Ogbene’s pace began to tell, as much as Ronaldo became worryingly anonymous, with Kenny sending him through the middle after half-time. This gave Ireland the ability to go long. Only Manzano knows how Danilo avoided a booking for constantly bowling him over. The PSG maestro – being tortured like all the League One fullbacks have been this season – eventually saw yellow for kicking out after being skinned a third time.

When Santos launched Milan's Rafael Leão at Duffy, Kenny reacted by reintroducing Adam Idah to the Portugal back four. But it was Ogbene who forced them to play for a point that puts them ahead of Serbia on goal difference.

The battle of equals theory almost crumbled when André Silva whipped an cross into an Irish box without John Egan and Duffy as you-know-who glided between Jeff Hendrick and Coleman only for his downward header to skim past Bazunu's right post. Nobody could believe he missed. Especially him.

A more difficult late opportunity fell to Enda Stevens – mainly due to Ogbene pulling Portugal ragged on the right – but the left back ballooned his shot.

And so it ended as it began.

REPUBLIC OF IRELAND: Bazunu (Portsmouth); Coleman (Everton, capt), Duffy (Brighton and Hove Albion), Egan (Sheffield United); Doherty (Tottenham Hotspur), Hendrick (Newcastle United), Cullen (Anderlecht), Stevens (Sheffield United); McGrath (St Mirren), Robinson (WBA), Ogbene (Rotherham United).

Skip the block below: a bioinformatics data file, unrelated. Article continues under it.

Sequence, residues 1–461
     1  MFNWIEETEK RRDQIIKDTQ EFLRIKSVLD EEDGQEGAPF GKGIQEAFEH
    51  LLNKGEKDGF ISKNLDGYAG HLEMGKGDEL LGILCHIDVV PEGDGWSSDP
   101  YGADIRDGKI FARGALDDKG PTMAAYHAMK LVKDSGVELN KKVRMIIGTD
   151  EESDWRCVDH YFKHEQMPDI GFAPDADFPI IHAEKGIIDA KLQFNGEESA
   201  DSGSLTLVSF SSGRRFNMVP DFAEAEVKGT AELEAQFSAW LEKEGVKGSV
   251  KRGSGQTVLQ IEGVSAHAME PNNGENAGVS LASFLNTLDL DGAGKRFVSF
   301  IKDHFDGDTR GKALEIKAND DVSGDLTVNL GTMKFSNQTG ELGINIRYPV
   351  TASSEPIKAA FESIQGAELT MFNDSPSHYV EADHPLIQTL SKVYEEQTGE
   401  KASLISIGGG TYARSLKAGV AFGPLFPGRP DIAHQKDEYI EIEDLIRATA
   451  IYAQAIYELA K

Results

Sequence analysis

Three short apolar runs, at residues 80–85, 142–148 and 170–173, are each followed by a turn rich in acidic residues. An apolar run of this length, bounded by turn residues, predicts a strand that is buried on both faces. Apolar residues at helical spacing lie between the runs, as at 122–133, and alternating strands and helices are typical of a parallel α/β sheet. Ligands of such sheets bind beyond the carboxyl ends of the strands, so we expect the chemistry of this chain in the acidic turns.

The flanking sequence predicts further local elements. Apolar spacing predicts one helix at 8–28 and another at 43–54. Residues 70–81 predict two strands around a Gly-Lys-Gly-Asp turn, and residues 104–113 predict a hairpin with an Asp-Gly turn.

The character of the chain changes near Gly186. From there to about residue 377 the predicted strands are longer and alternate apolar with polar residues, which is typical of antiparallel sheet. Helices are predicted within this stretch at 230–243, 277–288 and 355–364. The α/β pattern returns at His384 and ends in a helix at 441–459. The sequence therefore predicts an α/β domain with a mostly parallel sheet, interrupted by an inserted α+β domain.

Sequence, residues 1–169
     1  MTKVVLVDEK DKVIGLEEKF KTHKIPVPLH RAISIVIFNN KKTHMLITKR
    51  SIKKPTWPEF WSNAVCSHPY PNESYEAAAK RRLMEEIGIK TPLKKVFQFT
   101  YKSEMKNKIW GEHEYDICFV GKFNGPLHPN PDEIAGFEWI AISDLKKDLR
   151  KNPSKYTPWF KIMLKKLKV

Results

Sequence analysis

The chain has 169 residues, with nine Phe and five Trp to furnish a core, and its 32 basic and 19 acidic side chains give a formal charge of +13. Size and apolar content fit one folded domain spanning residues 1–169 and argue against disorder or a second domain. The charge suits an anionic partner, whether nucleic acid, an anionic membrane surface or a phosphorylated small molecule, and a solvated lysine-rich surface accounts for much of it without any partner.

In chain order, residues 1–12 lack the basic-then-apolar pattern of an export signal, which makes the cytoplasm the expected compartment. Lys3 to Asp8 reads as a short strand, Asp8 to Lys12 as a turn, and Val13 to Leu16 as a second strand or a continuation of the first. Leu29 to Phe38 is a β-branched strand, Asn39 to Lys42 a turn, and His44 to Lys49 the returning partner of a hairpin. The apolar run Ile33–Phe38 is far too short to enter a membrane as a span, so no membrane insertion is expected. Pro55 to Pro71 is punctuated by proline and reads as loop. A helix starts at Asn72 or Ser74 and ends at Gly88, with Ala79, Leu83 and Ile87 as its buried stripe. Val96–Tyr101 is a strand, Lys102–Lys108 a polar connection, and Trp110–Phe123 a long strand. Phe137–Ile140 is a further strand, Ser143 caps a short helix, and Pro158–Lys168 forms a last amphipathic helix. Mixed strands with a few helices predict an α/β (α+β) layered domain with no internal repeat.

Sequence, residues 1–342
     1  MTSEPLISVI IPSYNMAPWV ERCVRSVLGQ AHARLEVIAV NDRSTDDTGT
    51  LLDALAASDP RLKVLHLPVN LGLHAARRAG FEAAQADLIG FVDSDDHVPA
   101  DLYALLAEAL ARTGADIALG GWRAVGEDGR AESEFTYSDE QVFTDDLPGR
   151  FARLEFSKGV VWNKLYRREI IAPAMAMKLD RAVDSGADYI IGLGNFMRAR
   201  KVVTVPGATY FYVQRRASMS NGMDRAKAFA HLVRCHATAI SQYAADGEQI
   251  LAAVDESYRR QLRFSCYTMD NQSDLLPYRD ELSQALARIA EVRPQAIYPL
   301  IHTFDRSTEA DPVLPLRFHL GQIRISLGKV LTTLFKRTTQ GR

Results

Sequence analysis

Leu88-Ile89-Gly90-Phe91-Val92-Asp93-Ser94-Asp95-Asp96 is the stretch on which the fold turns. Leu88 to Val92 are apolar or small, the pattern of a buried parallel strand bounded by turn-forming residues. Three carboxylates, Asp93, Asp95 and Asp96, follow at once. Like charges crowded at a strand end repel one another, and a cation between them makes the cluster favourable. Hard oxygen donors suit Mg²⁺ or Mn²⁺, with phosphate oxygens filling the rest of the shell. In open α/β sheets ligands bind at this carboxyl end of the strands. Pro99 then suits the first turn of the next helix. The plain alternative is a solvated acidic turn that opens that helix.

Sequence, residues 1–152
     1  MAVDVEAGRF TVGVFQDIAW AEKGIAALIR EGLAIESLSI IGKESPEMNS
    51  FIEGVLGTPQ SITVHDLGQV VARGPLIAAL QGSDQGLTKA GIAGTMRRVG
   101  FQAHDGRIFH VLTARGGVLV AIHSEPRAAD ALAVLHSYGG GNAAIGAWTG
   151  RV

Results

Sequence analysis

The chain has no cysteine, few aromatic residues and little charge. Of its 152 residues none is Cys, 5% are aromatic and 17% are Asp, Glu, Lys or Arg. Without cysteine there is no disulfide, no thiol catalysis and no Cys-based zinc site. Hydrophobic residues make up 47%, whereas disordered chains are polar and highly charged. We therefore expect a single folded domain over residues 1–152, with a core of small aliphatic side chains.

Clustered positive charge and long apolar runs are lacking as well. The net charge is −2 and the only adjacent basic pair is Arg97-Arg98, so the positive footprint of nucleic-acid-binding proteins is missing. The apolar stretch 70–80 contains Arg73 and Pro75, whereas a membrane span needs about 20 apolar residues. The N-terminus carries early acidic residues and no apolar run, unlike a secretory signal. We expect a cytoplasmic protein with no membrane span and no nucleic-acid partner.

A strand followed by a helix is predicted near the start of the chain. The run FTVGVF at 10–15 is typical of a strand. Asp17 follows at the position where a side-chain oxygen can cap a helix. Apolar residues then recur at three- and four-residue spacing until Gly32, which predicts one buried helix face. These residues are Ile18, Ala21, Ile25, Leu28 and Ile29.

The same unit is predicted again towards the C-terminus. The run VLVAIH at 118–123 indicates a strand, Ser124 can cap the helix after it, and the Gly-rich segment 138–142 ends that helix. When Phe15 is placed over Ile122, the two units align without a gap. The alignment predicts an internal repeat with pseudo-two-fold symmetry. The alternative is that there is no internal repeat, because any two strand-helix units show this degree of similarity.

Subs: Idah (Norwich City) for McGrath (61), McClean (Wigan Athletic) for Stevens, Hourihane (Sheffield United) for Hendrick (both 78), Keane (Wigan Athletic) for Ogbene (91) .

PORTUGAL: Patrício (Roma); Semedo (Wolverhampton Wanderers), Pepe (Porto), Danilo (Paris St Germain), Dalot (Manchester United); Palhinha (Sporting CP), Nunes (Sporting CP), Fernandes (Manchester United); Guedes (Valencia); Ronaldo (Manchester Untied, capt), André Silva (RB Leipzig).

Subs: Leão (AC Milan) for Guedes (56), Moutinho (Wolverhampton Wanderers) for Nunes (56), Félix for Silva, Sanches for Fernandes (both 75).

Referee: Jesús Gil Manzano (Spain).